Have you ever wondered why it takes some people years to quit smoking, while others can stop cold turkey? According to UNC geneticist Helena Furberg, the answer is in our genes. Furberg led the Tobacco and Genetics Consortium to bring together genetic and lifestyle data from sixteen independent studies. They used data about whether people began smoking; if so, how old they were at the time; the number of cigarettes they smoked per day; and whether they were able to quit for more than a year.

Furberg and the consortium identified several genetic changes associated with smoking habits. Three of the changes are associated with how much people smoke, and the strongest of them is a single base-pair change, or single-nucleotide polymorphism (SNP), in a nicotine receptor gene. Eight other SNPs are associated with starting to smoke, and one is identified with whether a person was able to quit.

Furberg believes that the next step is to conduct research in other disciplines to translate this genetic information into practical public health measures.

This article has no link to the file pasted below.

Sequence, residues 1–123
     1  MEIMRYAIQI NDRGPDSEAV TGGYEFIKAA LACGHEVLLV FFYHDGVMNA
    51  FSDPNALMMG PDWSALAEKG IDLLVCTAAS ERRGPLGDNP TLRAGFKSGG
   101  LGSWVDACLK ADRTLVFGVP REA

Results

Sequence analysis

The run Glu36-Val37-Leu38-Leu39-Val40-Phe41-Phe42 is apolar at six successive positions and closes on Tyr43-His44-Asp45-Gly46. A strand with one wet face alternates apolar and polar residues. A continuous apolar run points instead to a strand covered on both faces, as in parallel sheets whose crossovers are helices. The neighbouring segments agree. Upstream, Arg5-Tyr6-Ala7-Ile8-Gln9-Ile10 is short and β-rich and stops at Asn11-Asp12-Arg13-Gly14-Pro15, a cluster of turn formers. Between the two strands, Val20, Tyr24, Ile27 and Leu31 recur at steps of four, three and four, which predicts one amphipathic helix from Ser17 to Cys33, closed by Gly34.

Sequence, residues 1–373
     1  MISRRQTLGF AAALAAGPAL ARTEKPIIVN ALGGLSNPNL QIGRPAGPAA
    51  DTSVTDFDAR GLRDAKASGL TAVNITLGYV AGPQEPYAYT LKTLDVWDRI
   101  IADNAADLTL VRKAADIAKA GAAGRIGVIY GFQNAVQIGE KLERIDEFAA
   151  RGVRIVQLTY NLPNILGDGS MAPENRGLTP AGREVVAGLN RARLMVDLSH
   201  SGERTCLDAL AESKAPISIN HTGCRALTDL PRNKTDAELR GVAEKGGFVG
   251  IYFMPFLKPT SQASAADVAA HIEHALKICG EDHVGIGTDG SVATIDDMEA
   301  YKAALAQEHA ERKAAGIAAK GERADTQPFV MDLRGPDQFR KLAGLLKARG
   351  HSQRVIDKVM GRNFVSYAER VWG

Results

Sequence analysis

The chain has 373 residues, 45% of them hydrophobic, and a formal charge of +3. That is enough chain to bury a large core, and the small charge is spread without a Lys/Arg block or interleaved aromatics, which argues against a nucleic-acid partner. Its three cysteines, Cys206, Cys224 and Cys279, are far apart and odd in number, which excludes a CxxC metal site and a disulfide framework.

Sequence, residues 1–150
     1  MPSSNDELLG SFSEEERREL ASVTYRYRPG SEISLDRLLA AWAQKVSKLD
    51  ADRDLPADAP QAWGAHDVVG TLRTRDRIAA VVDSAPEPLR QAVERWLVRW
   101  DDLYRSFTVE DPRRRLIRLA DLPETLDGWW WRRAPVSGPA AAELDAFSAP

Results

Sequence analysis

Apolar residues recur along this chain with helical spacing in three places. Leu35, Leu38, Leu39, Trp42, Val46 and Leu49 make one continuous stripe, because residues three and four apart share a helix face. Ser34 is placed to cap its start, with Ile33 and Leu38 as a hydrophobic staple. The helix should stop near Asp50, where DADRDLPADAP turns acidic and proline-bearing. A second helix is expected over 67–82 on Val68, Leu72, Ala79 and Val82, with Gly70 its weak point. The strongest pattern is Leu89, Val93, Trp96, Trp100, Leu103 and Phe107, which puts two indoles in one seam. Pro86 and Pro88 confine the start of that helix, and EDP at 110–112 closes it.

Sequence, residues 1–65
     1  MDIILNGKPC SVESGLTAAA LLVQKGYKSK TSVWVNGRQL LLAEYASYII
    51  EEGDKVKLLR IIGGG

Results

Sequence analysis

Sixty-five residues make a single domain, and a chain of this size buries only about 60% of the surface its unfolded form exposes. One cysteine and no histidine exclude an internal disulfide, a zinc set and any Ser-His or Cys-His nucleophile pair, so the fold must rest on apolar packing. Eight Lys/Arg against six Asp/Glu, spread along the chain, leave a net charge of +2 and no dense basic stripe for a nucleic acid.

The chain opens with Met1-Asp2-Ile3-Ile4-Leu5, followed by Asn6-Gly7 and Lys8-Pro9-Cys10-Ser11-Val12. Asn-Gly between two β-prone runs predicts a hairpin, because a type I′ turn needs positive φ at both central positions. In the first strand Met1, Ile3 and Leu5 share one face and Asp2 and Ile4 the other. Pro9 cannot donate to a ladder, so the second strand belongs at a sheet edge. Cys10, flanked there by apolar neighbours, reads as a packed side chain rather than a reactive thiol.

Right now, the results are most useful to addiction biologists, who can start looking at these genetic regions and figure out what they do,” Furberg says. She hopes this research can be used to develop personalized clinical treatments to help smokers quit for good.

Noor White is a research technician in biology at UNC.

Helena Furberg is an assistant professor in the Department of Genetics. Furberg and the Tobacco and Genetics Consortium partnered with the European Network of Genetic and Genomic Epidemiology, Oxford University, and GlaxoSmithKline to do analyses that identified the SNPs.